With ingredient costs high, bakers are always looking to get the most out of their ingredients. Optimizing emulsifier functionality will help these ingredients go farther and prevent bakers from unnecessarily wasting them while ensuring product quality. First things first, bakers need to ensure that the operators on the floor are measuring them precisely. 

“If other ingredients in the mix provide similar functionality, then adding more emulsifiers could increase the odds of overdosing the dough or batter,” explained Cam Suarez-Bitar, director of marketing and public relations, Pak Group NA. “A dough or batter overdosed with emulsifiers would yield too much volume and a collapsed final product.”

Pre-formulated dough improvers where emulsifiers are already scaled properly can reduce the impact of human error and make it easier for operators to add these micro ingredients to the mixing bowl. 

At the mixer, these ingredients must also be dispersed evenly throughout the dough. Otherwise, bakers risk the chance of not maximizing their performance. Micro ingredients often have an outsized impact on finished product quality compared to their usage rate, and emulsifiers are no exception, so it’s critical that they are not only measured precisely but also evenly dispersed. Even dispersion also ensures the emulsifier is hydrated well. 

“The most common issue is that emulsifiers must be dispersed and hydrated in order to function well,” said Troy Boutte, PhD, vice president of innovation, AB Mauri North America. “This is one reason why there are so many forms available. Bakers sometimes will add an emulsifier to a cold dough or batter where it will have little chance to disperse and hydrate.”

Tim Cotrell, North America director of business development for emulsifiers, texturants and acacia, Kerry, provided the example of cake emulsifiers. If they aren’t melted into the oil phase then bakers need to use hydrated or spray dried cake emulsifier systems to ensure the emulsifiers disperse adequately in a cake batter mix. 

“Compared with bread doughs, cake batters get far less shear during mixing, and standard emulsifiers just will not disperse adequately to comingle with the cake batter ingredients,” he said.

Kerry’s Myvalite specialty cake emulsifier, he said, may appear at first to be a diluted emulsifier. However, once the particles come in contact with water, they swell as the water activates the emulsifier. 

“The emulsifier then stabilizes the batter during mixing and throughout the baking process to create the best volume and eating quality of the finished cake," Mr. Cotrell said.

Bakers should consider their ingredient storage when choosing between liquid and powdered forms, as Dr. Boutte warned that hot or humid conditions can cause powders to clump and result in a loss of some functionality. Regardless of what form bakers choose, the mixing bowl holds the most opportunity for bakers to optimize emulsifiers.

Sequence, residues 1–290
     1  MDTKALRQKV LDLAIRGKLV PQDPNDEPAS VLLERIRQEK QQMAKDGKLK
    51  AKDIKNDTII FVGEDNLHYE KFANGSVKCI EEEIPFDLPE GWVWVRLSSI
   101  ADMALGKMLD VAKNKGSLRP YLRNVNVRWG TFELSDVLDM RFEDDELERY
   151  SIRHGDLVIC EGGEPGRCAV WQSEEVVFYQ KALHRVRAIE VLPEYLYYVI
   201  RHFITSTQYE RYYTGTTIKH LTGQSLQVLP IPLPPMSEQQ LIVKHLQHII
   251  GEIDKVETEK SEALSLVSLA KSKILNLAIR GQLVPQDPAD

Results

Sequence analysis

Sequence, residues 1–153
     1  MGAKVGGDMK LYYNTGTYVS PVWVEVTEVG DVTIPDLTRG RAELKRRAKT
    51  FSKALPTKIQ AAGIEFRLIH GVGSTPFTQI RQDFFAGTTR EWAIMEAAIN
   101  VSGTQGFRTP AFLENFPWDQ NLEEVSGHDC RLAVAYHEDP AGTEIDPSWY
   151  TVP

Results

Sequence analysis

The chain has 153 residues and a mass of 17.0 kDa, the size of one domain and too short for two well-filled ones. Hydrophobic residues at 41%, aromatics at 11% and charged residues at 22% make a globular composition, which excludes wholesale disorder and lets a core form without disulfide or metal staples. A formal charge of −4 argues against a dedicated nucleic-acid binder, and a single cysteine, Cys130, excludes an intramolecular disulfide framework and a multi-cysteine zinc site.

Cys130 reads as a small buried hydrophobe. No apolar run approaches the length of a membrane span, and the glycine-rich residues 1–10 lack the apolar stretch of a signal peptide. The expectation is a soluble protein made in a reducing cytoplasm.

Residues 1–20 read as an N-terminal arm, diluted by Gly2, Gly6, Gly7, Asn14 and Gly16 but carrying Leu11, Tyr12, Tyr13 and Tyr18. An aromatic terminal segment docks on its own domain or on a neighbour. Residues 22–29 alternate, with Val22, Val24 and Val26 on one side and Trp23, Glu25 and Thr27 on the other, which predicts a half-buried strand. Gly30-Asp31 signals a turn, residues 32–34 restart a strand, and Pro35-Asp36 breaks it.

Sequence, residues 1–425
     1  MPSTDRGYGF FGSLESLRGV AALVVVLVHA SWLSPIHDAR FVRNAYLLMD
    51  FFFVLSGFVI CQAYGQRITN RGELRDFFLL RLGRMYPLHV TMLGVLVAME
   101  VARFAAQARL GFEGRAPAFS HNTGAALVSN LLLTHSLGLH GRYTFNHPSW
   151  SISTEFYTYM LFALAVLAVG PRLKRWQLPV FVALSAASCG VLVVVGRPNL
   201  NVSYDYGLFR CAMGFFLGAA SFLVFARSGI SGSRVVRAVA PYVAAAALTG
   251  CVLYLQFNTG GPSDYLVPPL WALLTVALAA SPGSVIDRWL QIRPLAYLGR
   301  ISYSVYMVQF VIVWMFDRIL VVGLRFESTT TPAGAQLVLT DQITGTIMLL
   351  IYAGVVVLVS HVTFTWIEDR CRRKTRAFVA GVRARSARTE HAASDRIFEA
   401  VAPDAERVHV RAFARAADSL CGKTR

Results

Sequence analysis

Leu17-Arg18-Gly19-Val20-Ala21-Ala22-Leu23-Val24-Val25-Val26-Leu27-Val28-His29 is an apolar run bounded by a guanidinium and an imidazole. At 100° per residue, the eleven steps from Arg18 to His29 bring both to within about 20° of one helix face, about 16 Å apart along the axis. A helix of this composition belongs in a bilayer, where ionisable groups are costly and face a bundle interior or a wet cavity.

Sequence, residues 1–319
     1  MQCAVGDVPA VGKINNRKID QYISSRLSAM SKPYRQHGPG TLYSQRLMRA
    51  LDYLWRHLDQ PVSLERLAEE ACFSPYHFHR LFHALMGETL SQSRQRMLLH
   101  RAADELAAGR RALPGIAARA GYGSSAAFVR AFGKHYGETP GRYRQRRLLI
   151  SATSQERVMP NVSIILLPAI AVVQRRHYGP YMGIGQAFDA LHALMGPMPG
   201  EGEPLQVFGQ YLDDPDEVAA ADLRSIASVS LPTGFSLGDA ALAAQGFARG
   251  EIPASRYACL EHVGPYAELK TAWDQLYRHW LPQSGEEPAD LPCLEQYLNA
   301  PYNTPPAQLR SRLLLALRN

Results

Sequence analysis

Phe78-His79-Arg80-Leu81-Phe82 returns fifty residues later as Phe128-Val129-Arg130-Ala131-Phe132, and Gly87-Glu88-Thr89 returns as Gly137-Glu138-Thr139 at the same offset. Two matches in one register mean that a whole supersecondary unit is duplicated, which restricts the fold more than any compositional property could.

“With both liquid and powdered options, bakers need to choose the right physical state for their applications, then incorporate the ingredient into the formula at the right time, heat it to the appropriate temperature and use proper mixing processes,” said Dave Lindhorst, technical services manager, Cargill. “A misstep here means the ingredient won’t achieve its optimum potential, but the specifics can vary depending on the product.”

Bakers should also consider how the emulsifier will respond to the rest of the formulation. 

“Ensuring optimal usage of emulsifiers involves understanding not just the function of each emulsifier but also their interactions,” explained Mark Zielonka, national R&D product specialist, BreadPartners. “For instance, some emulsifiers may function differently in the presence of others, thereby influencing the overall dough quality. It’s crucial to balance the formula, considering all the ingredients in the dough.”

He also recommended that sometimes bakers should expect to use more than one ingredient for an emulsifying system. 

“One common pitfall is expecting a single emulsifier to solve all issues related to dough stability, texture and shelf life,” he said. “The reality is, emulsifiers can offer better performance when used in combination with other functional ingredients like enzymes, oxidizing agents and reducing agents.”

John Nedderson, principal designer for bakery and fats and oils group, IFF, however, cautioned against stacking emulsifiers that provide the same functionality when creating an emulsifying system. 

“For example, it’s probably not necessary to use two dough strengtheners like DATEM and SSL at the same time,” he said. 

By balancing emulsifiers with other ingredients and taking into consideration the rest of a dough formulation, bakers can enhance the performance of their emulsifiers. 

This article is an excerpt from the July 2023 issue of Baking & Snack. To read the entire feature on Emulsifiers, click here.